Big Boom Theory
During the dotcom boom of the late 1990s, investors couldn't get enough of the high-tech stock sector. That is, until the bottom fell out. Since then, investors have been flocking to the red-hot housing market. But while homeownership has hit record levels, high-tech innovation may be suffering in its wake.
"In the late '90s, the economy was being propelled by a once- or twice-in-a-lifetime surge in investment in high technology," says economist Marshall J. Vest, director of the Economic and Business Research Center at the University of Arizona in Tucson. "Of course, investment in high technology improves productivity, wages, the standard of living--there's a big payback when you invest in technology. [In] the past few years, the economy [has been] driven by investment in real estate. While money has been flowing into real estate, it has not been flowing into the kinds of investments businesses undertake to make themselves more productive."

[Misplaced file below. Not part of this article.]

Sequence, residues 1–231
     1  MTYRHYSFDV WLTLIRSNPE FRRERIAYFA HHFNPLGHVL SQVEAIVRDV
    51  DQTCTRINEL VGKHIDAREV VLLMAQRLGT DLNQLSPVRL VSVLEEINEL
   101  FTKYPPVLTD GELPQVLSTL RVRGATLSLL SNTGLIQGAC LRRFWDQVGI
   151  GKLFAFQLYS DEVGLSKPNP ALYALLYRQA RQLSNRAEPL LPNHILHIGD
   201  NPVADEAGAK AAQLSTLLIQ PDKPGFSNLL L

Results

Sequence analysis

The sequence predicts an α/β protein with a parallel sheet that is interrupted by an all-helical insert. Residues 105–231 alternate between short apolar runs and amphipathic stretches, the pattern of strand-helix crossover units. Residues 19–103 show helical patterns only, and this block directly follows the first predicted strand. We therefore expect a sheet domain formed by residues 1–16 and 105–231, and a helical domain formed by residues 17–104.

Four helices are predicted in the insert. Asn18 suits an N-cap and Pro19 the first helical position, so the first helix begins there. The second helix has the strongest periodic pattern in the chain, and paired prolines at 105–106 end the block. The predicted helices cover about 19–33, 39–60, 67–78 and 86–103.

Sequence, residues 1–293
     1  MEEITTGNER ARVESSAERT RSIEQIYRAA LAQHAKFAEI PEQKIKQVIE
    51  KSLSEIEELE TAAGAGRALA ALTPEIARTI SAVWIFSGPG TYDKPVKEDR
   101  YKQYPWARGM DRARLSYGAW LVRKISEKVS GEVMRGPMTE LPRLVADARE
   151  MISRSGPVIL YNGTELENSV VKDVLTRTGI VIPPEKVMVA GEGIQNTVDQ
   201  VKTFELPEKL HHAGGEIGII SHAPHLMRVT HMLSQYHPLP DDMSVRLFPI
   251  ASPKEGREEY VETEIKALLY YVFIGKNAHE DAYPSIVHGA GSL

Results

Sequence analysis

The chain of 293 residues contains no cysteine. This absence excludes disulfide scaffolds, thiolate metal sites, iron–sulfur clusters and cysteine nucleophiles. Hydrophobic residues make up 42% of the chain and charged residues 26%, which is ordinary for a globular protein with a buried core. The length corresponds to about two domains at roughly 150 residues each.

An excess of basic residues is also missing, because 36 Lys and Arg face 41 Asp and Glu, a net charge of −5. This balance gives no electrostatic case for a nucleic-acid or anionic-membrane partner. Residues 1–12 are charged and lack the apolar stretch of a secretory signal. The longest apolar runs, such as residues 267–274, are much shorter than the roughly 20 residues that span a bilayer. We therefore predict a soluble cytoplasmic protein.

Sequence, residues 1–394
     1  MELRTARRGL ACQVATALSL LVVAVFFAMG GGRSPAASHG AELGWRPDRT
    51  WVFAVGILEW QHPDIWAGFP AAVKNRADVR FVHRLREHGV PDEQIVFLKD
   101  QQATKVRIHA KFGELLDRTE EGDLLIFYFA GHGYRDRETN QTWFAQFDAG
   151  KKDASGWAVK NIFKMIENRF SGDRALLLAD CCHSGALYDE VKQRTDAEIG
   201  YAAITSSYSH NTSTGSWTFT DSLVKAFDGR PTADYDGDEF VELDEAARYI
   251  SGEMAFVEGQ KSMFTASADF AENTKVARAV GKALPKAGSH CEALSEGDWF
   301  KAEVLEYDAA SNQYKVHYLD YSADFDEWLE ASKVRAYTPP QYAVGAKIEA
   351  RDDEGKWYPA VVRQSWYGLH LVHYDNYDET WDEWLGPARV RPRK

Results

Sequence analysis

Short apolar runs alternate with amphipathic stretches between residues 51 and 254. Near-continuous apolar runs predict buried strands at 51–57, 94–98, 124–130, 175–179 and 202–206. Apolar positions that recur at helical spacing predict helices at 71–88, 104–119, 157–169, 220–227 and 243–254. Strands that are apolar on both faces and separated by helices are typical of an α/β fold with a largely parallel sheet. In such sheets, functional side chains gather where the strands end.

Meanwhile, a couple of financial incentives are helping drive investment dollars away from stocks and into real estate. A key change in tax law, which took effect in July 1997, made real estate investment more attractive by allowing home sellers to keep, tax-free, capital gains of up to $500,000 per couple and $250,000 for single tax filers. What's more, home buyers can deduct interest paid on mortgage loans that total up to $1 million to buy, build or improve a principal residence plus a second home.
Financial enticements alone, however, aren't responsible for the investment trend. "There's always motivation to identify what the hot new investment is," Vest says. "Recently, it's been residential real estate. In the late '80s, it was farmland. In the late '90s, of course, it was high-tech stocks. At some point, [investors] will decide there's some other [area] where money can been made."